But I was out, in my car, with Munchkin sleeping in the back seat and the dog in the boot.  I was on a road that was winding me between hills and then suddenly opened into flat fields on either side.  I had an amazing view of the quintessential fine Scottish summer day – that is to say, it was threatening rain and brilliantly sunny at the same time.  In the distance there were swathes of purple-grey clouds with discernible downpours falling in straight rivulets, but clear bright blue behind me.  It was really breathtaking, and if I’d been able to stop and take some photos I would have loved to.  I’d never seen a sky like it.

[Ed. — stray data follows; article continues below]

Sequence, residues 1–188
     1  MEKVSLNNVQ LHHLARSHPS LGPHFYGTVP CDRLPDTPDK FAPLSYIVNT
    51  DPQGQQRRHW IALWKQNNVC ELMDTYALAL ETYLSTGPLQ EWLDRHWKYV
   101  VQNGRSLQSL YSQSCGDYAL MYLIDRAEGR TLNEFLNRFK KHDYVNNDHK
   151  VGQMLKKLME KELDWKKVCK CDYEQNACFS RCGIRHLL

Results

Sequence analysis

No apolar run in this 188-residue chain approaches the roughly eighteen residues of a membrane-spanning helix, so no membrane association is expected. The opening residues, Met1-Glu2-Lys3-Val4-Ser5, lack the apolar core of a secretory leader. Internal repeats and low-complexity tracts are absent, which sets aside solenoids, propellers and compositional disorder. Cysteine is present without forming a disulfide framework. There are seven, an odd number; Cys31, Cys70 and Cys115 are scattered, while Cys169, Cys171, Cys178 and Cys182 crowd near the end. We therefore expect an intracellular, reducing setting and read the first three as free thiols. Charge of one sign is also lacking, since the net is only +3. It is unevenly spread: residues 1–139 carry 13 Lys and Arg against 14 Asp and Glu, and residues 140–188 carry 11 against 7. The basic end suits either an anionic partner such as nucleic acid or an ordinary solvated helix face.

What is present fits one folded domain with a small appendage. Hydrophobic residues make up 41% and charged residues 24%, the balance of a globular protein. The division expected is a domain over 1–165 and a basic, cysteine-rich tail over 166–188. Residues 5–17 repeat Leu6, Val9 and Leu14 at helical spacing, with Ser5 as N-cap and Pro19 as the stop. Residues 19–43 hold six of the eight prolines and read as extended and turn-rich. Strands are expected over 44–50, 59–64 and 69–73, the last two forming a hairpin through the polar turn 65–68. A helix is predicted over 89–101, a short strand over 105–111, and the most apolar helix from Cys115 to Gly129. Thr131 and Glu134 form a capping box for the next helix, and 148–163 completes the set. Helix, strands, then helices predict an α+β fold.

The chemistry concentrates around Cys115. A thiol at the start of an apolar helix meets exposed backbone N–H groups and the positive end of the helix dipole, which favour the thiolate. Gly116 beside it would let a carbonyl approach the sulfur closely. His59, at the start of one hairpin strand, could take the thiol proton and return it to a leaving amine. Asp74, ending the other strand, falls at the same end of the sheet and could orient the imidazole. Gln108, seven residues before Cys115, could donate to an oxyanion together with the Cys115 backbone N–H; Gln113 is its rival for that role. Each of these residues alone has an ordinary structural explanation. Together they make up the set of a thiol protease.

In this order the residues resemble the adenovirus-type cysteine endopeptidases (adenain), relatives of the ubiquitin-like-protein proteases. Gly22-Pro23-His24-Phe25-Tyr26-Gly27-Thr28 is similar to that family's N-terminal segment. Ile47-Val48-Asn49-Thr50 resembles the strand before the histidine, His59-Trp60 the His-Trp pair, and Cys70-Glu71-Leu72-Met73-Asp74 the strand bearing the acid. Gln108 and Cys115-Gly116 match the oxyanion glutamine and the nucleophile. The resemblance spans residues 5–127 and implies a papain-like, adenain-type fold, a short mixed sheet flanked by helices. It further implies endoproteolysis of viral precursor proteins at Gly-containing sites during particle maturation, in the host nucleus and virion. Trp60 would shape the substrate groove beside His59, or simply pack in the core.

It inspired a poem.  I love poetry, it’s something I do for myself when I want to write but don’t have a full story.  It’s a snapshot of a moment.  And this moment was spectacular.

I started composing, out loud, in the car.  I repeated phrases and tweaked them.  Past tense, present tense, adverb, adjective.  If anyone had heard me they would have thought I was suffering some kind of mental breakdown.  I worked it aloud in spoken verse, and when it was done, I told it to myself again, and again, and again, for the rest of the journey home.  I didn’t want to forget it.  And I haven’t, since.

That moment of inspiration would have never happened if I hadn’t left my house, no matter how hard I sometimes find it to do that.